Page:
Monthly Archives: May 2013

The Danger of Too Many Pickles

Pickle me this

Pickle me this

We servers have a dangerous job. Yes, firefighters and police officers have their fleeting moments of danger and I’m sure that being a coal miner is not the easiest, safest job in America, but when a restaurant worker has to deal with a type-1 crazy bitch from hell, it can get downright perilous. Have you ever seen the wrath of someone who showed up with an expired coupon? Or how about when the kitchen is out of mashed potatoes? Knives are drawn, words fly and punches can be thrown. There is a woman in Quincy, Massachusetts who knows exactly what I am talking about.

According to television station WHDH, a woman punched a sandwich shop worker for- brace yourselves, cause it’s real good: putting too many pickles on her sandwich. You can see the news story here but all they do is give you pickle jokes mixed in with the facts while a blind lady wanders around in the background. Basically, the story is this:

Some crazy bitch named Tina Drouin ordered a steak and cheese sandwich from Nathan’s and the worker put too many pickles on it. Tina got pissed off, threw a punch and then tossed two giant bottles of pickles onto the ground shattering them. Then, the lady ran away, but the restaurant worker, Carmen Bolton (no relation to Michael) did some boltin’ of her own and chased Tina down the street. She held the attacker down until cops arrived and arrested her and charged her with assault with a dangerous weapon. Yes, a pickle bottle is considered a dangerous weapon in Quincy, Massachusetts.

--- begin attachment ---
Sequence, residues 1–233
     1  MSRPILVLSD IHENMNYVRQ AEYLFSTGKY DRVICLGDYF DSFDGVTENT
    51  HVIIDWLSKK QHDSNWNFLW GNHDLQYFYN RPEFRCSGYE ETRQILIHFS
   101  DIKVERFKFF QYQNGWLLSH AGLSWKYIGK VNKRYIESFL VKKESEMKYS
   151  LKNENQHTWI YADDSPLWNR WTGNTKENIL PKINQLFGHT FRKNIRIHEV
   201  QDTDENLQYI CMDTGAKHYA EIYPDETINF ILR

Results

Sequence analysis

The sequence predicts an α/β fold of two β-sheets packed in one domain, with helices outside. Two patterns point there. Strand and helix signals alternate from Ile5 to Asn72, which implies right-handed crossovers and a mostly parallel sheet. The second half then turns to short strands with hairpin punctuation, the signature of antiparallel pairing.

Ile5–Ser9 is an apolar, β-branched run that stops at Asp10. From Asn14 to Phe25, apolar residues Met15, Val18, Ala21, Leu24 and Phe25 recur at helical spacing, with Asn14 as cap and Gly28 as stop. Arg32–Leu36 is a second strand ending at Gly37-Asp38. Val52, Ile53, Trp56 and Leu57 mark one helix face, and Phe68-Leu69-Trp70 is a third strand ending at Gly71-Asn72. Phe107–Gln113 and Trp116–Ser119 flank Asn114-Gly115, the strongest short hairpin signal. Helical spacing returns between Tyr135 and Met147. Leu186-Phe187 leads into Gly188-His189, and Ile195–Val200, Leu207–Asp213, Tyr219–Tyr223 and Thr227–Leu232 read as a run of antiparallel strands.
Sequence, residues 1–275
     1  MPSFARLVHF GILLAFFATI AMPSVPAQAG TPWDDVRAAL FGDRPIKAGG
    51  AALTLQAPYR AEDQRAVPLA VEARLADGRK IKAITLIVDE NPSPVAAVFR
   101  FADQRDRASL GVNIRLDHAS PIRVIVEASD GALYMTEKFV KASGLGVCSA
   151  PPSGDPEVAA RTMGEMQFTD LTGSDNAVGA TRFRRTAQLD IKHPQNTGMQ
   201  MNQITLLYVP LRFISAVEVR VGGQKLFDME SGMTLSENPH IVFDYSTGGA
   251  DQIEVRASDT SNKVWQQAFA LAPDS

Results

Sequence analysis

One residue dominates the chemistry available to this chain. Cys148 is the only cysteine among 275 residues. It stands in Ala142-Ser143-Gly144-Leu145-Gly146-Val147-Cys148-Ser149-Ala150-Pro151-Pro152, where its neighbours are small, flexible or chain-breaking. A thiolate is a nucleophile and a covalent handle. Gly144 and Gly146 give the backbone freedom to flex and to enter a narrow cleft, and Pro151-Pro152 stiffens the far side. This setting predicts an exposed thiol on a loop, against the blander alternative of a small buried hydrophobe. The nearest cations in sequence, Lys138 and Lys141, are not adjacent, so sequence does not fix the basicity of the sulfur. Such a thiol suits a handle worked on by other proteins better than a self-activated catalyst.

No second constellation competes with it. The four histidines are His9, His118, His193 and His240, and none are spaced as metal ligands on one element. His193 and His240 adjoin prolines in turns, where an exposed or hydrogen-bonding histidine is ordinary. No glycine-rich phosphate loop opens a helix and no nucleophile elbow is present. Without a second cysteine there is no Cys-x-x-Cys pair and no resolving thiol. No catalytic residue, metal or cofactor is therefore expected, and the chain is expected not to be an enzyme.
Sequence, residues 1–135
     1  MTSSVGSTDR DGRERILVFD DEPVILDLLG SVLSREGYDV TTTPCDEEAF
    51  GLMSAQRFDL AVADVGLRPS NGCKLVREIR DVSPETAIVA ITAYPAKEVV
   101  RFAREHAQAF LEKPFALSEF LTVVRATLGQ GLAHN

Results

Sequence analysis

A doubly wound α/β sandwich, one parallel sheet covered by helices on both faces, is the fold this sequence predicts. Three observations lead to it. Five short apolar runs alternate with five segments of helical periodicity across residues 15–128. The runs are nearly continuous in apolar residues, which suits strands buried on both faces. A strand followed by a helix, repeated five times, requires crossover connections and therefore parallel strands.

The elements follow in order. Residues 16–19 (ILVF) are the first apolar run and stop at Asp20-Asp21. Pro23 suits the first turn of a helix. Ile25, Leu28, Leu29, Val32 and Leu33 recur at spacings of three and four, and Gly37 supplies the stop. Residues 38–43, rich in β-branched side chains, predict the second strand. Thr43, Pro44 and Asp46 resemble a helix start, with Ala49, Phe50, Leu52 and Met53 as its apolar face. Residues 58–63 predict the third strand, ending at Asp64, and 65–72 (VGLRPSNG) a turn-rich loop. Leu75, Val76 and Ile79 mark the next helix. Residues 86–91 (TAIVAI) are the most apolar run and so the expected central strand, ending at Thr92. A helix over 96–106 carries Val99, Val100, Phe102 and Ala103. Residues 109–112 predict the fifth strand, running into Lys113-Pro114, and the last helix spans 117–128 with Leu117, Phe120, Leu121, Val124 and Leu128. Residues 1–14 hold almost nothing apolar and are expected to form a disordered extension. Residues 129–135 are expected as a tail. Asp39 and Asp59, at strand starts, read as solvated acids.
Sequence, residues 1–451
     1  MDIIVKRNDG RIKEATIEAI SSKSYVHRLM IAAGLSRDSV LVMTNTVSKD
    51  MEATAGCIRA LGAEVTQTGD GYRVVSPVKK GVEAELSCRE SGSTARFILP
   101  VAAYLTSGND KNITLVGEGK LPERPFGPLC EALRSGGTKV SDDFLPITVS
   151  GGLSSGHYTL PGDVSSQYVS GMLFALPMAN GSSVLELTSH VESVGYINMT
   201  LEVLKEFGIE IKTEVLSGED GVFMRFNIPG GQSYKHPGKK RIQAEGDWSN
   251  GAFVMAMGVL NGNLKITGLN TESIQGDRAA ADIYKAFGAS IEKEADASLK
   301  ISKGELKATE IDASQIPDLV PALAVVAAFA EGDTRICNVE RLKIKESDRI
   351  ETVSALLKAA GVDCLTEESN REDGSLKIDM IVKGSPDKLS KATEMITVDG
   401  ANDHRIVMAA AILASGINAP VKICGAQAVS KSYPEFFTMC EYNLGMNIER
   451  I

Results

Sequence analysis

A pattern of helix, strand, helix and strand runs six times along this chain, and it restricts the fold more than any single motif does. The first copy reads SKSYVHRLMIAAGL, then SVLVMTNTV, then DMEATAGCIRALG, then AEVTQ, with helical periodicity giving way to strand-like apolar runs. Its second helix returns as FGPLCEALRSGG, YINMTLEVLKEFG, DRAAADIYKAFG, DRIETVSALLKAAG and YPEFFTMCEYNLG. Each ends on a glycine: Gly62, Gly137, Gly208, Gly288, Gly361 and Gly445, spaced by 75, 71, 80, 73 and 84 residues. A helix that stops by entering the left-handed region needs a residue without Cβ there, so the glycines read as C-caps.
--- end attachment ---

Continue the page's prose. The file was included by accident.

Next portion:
Let’s break this down. First off, you do NOT mess with Carmen Bolton. Second of all, why on God’s green earth did Tina ask for pickles on a steak and cheese sandwich? Everybody knows that a steak and cheese sandwich is perfect as it is with steak and cheese on it. If it was meant to have pickles on it, it would be called a “steak and cheese and pickle,” okay? If I was Carmen, I would have questioned the lady’s sanity right there.

“You want what on your steak and cheese? A pickle? Umm, I don’t think so. I can’t serve you because you sound like you have a case of the crazies. I can give you a pickle spear on the side but I can’t put pickles on a steak and cheese. That’s as unnatural as putting pickles in a margarita or Chardonnay in something other than a coffee cup, okay?”

But Carmen obliged because she is a dutiful employee. Carmen slipped in the pickle juice and got some minor cuts but she refused medical attention because she needed to get back to Nathan’s post haste because it was her turn to change the hot dog water and, as we already know, she is a dutiful employee. She cares about her employer which is why she chased down Tina “Too Many Pickles” Drouin. Had it been me who was assaulted by a fist and a jar of pickles, I would have pulled out my workman’s comp form before I landed on the floor writhing in pain. As soon as I saw the broken glass next to my skin, I’d have my finger on my Life Alert button that is programmed to dial 1-800- SUE-THEM. Let the cops find Tina, because I’d be too busy finding a big pay day. Way to go, Carmen!

In closing, I just want to tell all you restaurant folks to be careful out there. The world is full of people who want to do us servers harm. Whether it’s because we didn’t bring them coffee that was hot enough, we put too many pickles on a sandwich or maybe we just wrote a blog post about an ice queen bitch named Holly Hobbie who had a piece of fruit up her ass, there are people out there who don’t like us. (Okay, maybe I am the only one who has someone hate him because he wrote a blog post about an ice queen bitch named Holly Hobbie…) The point is, be safe, folks. If you sense someone wants to assault you, we can’t all be Carmen Bolton. Ask yourself, “What would Bitchy Waiter do?” And I will tell you the answer: Bitchy Waiter would take off his apron and run out of the back door grabbing his coat, his bag and a bottle of Grey Goose on the way.

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A Comment on Comments